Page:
An experimental breast cancer vaccine being advanced by researchers at the Cleveland Clinic has been in the media spotlight for much of the week.
Inside the center ring is immunologist Vincent Tuohy, who determined that a vaccine targeting the protein alpha-lactalbumin found on the surface of cancer cells effectively protected mice engineered to develop breast cancer.
Tuohy didn't hesitate to draw a short line between success in mice and the potential for a new vaccine that could protect women from a dread and common disease. "We believe that this vaccine will someday be used to prevent breast cancer in adult women in the same way that vaccines have prevented many childhood diseases. If it works in humans the way it works in mice, this will be monumental. We could eliminate breast cancer."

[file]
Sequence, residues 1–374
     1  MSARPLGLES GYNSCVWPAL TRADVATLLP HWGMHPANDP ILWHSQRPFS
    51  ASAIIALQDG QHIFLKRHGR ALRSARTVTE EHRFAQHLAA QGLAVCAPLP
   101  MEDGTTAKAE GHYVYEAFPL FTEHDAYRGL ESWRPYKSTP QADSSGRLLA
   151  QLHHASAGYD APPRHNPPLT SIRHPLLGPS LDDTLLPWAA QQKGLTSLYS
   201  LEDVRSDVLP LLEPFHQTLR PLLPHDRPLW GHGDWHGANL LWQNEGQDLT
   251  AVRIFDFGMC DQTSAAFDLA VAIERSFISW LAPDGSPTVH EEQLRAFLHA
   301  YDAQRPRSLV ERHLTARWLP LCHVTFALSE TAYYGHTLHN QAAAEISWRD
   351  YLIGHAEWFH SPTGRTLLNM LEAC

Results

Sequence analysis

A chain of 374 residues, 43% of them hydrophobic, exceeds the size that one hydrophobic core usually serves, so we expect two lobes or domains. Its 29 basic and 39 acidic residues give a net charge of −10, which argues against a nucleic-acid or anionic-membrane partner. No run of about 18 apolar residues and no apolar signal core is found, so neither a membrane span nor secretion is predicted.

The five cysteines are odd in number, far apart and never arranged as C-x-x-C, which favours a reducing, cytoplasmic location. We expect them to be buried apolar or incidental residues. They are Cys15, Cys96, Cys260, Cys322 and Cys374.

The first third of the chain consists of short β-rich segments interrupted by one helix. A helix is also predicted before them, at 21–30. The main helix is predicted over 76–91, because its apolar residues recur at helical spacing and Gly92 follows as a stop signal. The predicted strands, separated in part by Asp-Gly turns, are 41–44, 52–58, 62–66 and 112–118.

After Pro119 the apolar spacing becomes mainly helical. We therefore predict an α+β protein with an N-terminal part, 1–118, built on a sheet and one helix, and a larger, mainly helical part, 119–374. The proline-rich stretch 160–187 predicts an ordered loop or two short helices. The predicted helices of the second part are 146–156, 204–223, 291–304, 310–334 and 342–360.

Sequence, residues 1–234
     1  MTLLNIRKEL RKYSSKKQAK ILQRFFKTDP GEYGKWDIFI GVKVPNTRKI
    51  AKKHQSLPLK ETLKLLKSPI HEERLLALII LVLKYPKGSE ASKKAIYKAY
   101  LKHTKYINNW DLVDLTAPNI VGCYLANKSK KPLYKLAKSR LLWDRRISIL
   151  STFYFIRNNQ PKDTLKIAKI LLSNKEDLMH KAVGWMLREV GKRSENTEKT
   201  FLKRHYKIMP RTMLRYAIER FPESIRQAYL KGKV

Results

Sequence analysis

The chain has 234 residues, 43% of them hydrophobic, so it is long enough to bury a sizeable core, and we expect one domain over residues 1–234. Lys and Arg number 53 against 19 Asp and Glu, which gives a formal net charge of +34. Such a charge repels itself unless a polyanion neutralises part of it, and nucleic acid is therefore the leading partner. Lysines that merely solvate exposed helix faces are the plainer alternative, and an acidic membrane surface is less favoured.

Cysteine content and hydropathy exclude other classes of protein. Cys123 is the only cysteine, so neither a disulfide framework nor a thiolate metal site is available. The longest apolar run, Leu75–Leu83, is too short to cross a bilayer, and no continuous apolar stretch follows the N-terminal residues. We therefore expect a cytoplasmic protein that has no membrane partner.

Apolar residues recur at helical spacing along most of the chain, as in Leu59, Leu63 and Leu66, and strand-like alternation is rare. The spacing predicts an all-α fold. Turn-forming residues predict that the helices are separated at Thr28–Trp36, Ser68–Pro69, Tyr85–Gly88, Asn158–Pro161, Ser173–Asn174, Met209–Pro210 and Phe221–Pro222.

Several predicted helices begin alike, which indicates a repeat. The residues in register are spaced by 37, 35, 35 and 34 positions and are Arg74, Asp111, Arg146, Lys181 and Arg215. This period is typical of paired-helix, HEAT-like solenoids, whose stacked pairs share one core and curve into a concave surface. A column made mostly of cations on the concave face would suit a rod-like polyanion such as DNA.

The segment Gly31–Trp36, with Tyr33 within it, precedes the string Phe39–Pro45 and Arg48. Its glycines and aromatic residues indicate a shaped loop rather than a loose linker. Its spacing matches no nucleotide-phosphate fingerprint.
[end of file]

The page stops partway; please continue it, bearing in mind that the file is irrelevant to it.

But a host of other specialists in the field were only too happy to point out that doctors have cured cancer in mice a number of times.
"We've been curing breast cancer in mice for years with drugs that turn out not to be remotely useful for humans," Barbara Brenner, executive director of Breast Cancer Action, tells USA Today. "Why would we expect a 'vaccine' to be any better, based on a mouse study?"